Burnt Orange Breakdown: Johnathan Gray

Before Texas begins its first season under Charlie Strong, we're taking a deep dive into all the talent he inherits in 2014. Our Burnt Orange Breakdown series will take a closer look at each scholarship player returning this fall and what we can expect from him. We're going down the roster from No. 1 Shiro Davis all the way to No. 99 Desmond Jackson.

No. 32 Johnathan Gray

Junior running back

Recruitment rewind: This is no hyperbole: Gray's high school resume was as impressive as any recruit in the past decade. At Aledo (Texas) High, Gray was ESPN's No. 2 recruit in the country, won three state titles and set the national record with 205 career TDs. He rushed for 10,889 yards, had 51 100-yard games, scored 70 touchdowns in one season, won 56 games and countless national awards. He was Mr. All-American, an absolutely unstoppable running back who chose Texas, at 12:01 a.m. on his birthday in April 2012, over Texas A&M and TCU.

Career so far: Gray rushed for 701 yards as a freshman in Texas' running back committee of 2012, with two 100-yard games and three TDs. He built on that encouraging start by taking over the Longhorns' run-heavy offense in the middle of 2013, with a six-game span in which he averaged 104.7 yards per game on the ground. He was playing like an All-Big 12 back, but his season ended early with a torn Achilles at West Virginia. Gray was well on his way to 1,000 yards and would've been talked up as one of the nation's best RBs in 2014 if not for the injury. He sat out spring ball and is hoping to be 100 percent healthy in time for the season opener vs. North Texas.

Best-case scenario for 2014: Gray, a freak athlete with an incredible work ethic, is ready to go for the start of fall camp and re-establishes himself as one of the conference's best backs. He teams with Malcolm Brown to give the Longhorns a pair of 1,000-yard rushers who stay healthy, fresh and selflessly share the workload. Gray has plenty more runs like this one and this one and chips in a few hundred receiving yards just for fun, and he passes on a solid early-round draft grade without hesitation to return for his senior season.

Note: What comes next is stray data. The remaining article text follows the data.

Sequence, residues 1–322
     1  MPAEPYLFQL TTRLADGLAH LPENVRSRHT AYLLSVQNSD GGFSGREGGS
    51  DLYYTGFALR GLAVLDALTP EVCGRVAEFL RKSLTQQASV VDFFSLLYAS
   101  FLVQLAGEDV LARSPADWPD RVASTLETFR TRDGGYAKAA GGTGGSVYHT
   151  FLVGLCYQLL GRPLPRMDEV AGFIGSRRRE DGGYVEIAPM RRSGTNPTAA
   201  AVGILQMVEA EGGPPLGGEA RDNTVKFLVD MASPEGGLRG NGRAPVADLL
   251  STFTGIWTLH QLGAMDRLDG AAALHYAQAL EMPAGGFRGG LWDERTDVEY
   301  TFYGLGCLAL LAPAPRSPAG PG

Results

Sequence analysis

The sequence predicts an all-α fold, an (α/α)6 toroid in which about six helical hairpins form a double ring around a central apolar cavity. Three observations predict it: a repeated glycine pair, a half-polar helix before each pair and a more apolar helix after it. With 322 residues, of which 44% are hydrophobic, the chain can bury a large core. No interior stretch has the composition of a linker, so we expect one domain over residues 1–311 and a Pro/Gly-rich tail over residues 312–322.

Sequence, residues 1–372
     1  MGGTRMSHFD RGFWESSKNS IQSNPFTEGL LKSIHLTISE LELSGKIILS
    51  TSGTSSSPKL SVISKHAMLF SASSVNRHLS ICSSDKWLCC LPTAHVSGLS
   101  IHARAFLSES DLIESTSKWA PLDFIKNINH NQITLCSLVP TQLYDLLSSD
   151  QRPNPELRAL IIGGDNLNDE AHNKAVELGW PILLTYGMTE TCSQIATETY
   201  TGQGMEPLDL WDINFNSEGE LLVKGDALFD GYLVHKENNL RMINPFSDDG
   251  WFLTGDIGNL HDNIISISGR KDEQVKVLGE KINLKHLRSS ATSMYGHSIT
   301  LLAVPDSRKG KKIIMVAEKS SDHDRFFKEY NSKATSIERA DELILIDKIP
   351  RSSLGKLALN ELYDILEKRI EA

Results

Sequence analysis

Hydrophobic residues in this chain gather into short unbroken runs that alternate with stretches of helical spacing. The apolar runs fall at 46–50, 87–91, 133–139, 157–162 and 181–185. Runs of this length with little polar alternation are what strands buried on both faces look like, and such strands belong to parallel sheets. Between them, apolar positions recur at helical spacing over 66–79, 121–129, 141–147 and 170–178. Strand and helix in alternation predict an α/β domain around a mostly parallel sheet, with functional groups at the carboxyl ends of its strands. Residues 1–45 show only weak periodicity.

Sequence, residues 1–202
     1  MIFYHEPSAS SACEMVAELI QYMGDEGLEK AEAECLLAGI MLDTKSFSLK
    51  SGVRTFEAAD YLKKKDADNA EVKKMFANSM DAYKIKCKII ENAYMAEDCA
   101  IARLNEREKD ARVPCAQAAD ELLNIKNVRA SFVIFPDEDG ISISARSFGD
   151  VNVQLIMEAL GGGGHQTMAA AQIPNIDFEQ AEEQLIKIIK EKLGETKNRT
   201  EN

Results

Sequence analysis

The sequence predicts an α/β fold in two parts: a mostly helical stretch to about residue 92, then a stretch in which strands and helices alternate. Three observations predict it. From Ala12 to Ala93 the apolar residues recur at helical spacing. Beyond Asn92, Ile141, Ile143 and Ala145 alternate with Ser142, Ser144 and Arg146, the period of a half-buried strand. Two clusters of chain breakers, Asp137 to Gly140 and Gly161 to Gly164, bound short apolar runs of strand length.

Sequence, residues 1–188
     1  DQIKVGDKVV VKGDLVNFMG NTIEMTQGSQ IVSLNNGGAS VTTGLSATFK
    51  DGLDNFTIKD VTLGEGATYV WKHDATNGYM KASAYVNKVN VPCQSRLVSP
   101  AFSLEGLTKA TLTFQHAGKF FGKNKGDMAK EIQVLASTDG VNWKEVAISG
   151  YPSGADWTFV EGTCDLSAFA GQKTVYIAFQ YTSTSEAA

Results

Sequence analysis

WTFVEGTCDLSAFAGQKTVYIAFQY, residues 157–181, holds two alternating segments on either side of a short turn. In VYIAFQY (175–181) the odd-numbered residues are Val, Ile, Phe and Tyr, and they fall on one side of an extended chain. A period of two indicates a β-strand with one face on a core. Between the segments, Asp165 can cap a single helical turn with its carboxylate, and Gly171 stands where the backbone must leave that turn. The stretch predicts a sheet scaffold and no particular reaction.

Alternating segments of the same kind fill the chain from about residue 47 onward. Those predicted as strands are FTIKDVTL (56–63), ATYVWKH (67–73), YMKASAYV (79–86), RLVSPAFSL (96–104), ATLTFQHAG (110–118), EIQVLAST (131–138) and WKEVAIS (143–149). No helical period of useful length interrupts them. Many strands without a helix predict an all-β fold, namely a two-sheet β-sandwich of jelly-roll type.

Worst-case scenario for 2014: The floor for Gray's junior year, barring another injury, would probably just be another 700-yard season, a few TDs and a solid contribution to an offense that remains inconsistent in its mastery of the three-headed rushing attack. Opposing defenses will stack the box, and if Texas' offensive line isn't any better than the above-average units of recent years, what should we expect? Gray will do his best, but he and Brown can't do it on their own.

Future expectations: Halfway through his Texas career, Gray has lived up to his five-star billing. He's everything the Longhorns could've asked for and more as a locker room guy and in the weight room. He seemed on the cusp of big things before his Achilles injury. If Gray is just a little faster, a little stronger and a little smarter in 2014, who knows what he can achieve? You knew he was special, but if Gray and his coaches play this just right, you're looking at a future Heisman Trophy contender.